DIY Instruments

Proper samba instruments aren’t cheap (although you can sometimes get good bulk deals on internet and from specialist suppliers) but not having instruments is no excuse!!! Some samba started off life as a junk band, and you can too. If you look back at the history of samba, improvised instruments feature strongly. When a military junta ran Brazil in the 1960s and 70s for example, street music or indeed anything considered “cultural” was viewed with suspicion and playing samba could get you arrested. So people used frying pans, table tops, match boxes, clapped hands – indeed anything that could be put to more innocent uses if the army showed up. To put it another way – go with what you’ve got.

So, making the instruments is the obvious first step. Look at the instruments section of this site to find out the type of instruments you’ll need. Some of them, such as the caixa may be hard to improvise, but the others should be achievable from junk. As a rule, use containers, plastic and metal, and experiment with different levels of pitch and bass.


Snares can be hard to improvise (but can be got cheaply second hand). In the long term you’re probably best off investing in proper ones early. Until you do, try getting a large metal can (e.g. a large coffee can) and putting some coins in it. How many depends on the size of the can. Glue a rubber mouse mat over the top. You might need to play with the number of coins you put in to get the right sound. The coins jingle and bounce, causing the “snare” sound. Plastic 1-gallon buckets also work OK.


The Shaker section can make their instruments from two food cans with the tops cut off, filled with small hard objects (ie dried beans, lentils, rice etc…) and taped together (and painted pink, of course!). Making as many of these is a good idea as you can hand them out to others when you play. You can also make good shakers by nailing bottle tops, little foil fruit pie tins, buttons, tin cans, spoons, the metal parts of 3.5″ floppy disks etc loosely to a stick. If you thread them horizontally, you get a very good approximation of a Chocalho. Be careful though – sticks with nails can be mistaken as offensive weapons by stupid people. Tape over or file down any pointy bits.

Build your own wooden Chocalho, see here


Surdos can be made from large plastic or metal containers – think bins, water butts, large storage drums etc. Metal or plastic bins with drum skins attached work well It will be important to get the three distinct surdo levels (ie. low, middle and high) so try and find containers of different sizes. Surdos comprise the back line of the band, keeping time and providing a cracking bass beat. It’s worth taking time to get this right early. Some bands make bass drums out of those giant cardboard tubes from the middle of carpet rolls (just ask at your local carpet store) with lots of layers of cling film stretched over them and gaffer taped down to make skins. They’re not the most resilient in the world (you really need to play them using plastic bottles as sticks), but they sound brilliant, they’re eco friendly and could serve if you’re starting out and have no cash at all!!!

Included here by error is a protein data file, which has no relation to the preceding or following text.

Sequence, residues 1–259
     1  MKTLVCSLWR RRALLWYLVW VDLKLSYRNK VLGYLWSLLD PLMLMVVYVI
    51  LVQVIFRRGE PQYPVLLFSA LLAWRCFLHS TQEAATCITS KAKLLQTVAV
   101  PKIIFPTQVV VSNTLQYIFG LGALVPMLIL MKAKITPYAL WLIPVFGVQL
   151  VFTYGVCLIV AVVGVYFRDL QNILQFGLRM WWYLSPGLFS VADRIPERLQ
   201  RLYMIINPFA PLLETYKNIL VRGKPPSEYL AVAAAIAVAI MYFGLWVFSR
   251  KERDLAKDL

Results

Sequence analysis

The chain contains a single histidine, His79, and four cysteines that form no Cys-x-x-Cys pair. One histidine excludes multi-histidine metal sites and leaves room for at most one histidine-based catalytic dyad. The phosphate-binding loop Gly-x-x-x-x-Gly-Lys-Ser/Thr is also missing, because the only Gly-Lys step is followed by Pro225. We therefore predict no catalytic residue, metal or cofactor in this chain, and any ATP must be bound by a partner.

If you are highly motivated, build your own surdos as described here or here

Practical infos about surdos here and here


The repenique can, again, be made from some container or other (buckets or large water cooler bottles). Keep in mind that it has a very loud sound due to its very taut skin. Try to replicate this.


Tamborims are served very well by pots and pans. Try to find something that gives a nice high pitched “crack” when hit.

To change tamborim skin, see here


Wooden spoons make good sticks, especially for the repinique

Surdo Beater

There are good instructions for making surdo beaters on the web. One technique using batting and latex ballons is described here and here

Here, you find another instruction tested and approved by RoR bands

Re-use drum kit

Alternatively, cannibalise an old drum kit! Bass/ kick drums work as impromptu surdos, whilst smaller toms can sub for repeniques. Just strap ’em on and off you go. Be careful though – the nuts and rods on drum kit drums are not designed to hold the weight of the drum. Before you start, pass a strap or some webbing all the way round the drum under all the rods. Use that to attach your carry belt/ strap to.

Whatever you do, try and avoid things that someone might mistake for a weapon. Think cheap, durable, loud and not aggressive looking. If it has any pointy bits, file them down or tape them over. Better safe than sorry!

A Good article about drumming where you can find DIY and other tips on it here